This summer I'm taking the family on vacation to Rwanda and Uganda. There's just one thing that's bothering me--what happens when I leave Rwanda where they drive on the right and enter Uganda where they drive on the left? --Anonymous
You're going to Rwanda and Uganda, two of the globe's most infamous localities, and the main thing you're worried about is switching sides of the road? Man, I'm not having you buy the groceries for my fallout shelter.
Initially I dismissed this question as being too dumb to bother with. However, I got a note from Robert Teeter of San Jose, California, who had wondered about it himself. Robert sent along an article on the subject he had obtained via ftp (remember ftp?) from ftp.cc.umanitoba.ca/rec-travel/general/d
BORDER CROSSINGS. . . . This is not such a great puzzle as it might seem. Here are a few stories from people who have accomplished this mystifying feat.
"It was not a problem at the only border I have been to like this (Zaire to Uganda). The traffic was slow and there was very little of it. There was just a sign reminding you to swap sides."
"The border crossing from China (where they drive on the right) to Pakistan (where they drive on the left) merely has a sign at the side of the road that says 'Entering Pakistan, Drive Left' and for those going the other way 'Entering China, Drive Right.'"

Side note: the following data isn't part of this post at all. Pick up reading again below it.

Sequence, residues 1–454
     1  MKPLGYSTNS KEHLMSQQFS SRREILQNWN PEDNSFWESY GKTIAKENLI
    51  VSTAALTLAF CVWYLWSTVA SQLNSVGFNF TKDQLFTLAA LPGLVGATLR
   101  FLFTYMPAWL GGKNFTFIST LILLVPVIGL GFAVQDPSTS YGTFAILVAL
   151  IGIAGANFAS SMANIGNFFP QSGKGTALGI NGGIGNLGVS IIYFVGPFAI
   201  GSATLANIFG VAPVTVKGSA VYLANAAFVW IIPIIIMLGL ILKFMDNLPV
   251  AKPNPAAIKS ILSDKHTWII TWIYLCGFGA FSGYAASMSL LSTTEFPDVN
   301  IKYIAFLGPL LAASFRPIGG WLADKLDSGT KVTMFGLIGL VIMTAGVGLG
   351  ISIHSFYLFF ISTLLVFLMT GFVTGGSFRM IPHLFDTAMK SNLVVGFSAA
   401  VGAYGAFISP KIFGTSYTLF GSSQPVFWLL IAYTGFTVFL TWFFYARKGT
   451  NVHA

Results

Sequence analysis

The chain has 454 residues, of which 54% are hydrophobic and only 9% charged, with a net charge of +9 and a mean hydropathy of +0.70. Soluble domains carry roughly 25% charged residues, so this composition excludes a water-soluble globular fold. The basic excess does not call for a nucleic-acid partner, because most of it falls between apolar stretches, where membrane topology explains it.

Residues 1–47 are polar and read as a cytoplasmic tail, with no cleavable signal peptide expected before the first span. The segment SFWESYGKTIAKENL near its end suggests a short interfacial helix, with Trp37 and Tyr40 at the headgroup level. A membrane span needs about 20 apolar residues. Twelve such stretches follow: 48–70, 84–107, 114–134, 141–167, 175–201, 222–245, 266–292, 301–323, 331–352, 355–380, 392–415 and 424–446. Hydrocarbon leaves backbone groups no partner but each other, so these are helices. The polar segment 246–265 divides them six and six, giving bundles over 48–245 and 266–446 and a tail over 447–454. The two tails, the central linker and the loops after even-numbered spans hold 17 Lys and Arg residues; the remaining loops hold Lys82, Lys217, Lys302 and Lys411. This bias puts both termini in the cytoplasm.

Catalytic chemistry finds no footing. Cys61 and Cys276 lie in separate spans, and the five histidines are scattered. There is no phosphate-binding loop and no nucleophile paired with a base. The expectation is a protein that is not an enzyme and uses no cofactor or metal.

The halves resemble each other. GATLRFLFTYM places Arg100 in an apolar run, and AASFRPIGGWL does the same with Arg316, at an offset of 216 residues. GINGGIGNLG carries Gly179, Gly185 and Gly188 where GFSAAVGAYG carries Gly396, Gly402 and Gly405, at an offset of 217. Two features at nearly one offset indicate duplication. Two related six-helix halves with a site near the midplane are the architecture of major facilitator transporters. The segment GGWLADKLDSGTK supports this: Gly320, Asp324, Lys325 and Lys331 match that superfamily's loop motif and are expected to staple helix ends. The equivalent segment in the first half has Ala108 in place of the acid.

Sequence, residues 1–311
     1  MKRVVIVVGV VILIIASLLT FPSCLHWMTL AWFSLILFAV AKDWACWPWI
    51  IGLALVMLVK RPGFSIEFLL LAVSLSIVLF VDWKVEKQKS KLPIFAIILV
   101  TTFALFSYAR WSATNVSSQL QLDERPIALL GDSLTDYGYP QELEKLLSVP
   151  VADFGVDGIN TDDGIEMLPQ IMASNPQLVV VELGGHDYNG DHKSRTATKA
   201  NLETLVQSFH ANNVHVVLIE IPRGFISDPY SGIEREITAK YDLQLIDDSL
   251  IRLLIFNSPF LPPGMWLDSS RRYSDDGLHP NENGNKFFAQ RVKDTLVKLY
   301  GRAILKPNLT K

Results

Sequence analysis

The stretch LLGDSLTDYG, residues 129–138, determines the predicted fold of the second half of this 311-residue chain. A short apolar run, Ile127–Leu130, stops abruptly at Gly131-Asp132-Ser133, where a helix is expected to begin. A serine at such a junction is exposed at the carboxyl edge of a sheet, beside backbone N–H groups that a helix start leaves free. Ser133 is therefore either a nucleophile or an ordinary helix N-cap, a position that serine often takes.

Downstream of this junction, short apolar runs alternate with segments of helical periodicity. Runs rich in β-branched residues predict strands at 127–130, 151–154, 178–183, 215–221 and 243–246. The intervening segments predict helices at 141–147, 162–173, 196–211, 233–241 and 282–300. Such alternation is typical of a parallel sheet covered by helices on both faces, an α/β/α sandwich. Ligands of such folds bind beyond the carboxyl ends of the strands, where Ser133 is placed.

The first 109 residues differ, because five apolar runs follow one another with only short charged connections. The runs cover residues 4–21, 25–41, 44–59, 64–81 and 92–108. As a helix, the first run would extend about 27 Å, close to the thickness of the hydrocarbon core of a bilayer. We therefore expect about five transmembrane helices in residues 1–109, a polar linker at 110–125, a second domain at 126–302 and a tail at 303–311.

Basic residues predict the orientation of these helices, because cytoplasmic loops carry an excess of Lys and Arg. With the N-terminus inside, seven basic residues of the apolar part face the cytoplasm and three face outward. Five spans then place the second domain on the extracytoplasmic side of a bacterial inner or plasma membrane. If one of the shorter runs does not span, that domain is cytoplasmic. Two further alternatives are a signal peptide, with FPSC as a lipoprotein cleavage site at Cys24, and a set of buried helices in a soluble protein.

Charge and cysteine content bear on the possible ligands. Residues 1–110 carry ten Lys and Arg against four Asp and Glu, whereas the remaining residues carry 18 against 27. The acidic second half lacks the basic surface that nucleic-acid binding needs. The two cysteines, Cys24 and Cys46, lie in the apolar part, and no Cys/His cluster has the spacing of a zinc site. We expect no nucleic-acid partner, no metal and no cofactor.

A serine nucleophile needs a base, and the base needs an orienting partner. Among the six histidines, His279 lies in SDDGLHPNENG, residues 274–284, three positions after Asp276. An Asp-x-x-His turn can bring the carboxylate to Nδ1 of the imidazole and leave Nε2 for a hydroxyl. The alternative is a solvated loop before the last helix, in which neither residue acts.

"Usually you don't drive straight through a border post. The only place I've crossed a land border where the side of the road for driving changes is between Afghanistan and Pakistan. We drove into a car park (using the right hand side) and after the border formalities, drove out using the left hand side."
So there you have it: they put up a sign telling you to change sides. Who'd have thought it? But for those who found this a real stumper, I'm glad we got things cleared up at last.
Regarding what to do when traveling between countries that drive on opposite sides of the road: I once knew a Norwegian who was a student at Oslo U. When he drove home the road passed several times in and out of Sweden, which until around 1965 drove on the left, while Norway drove on the right. The border was and is unguarded and in many places unmarked. The road was fairly narrow and there was a tendency to drive down the middle especially late at night when there was virtually no traffic. Now picture this: you are driving down this road, probably half asleep, you don't know and don't much care which country you are in and suddenly you see a truck bearing down on you. What do you do? --Michael Barr, Montreal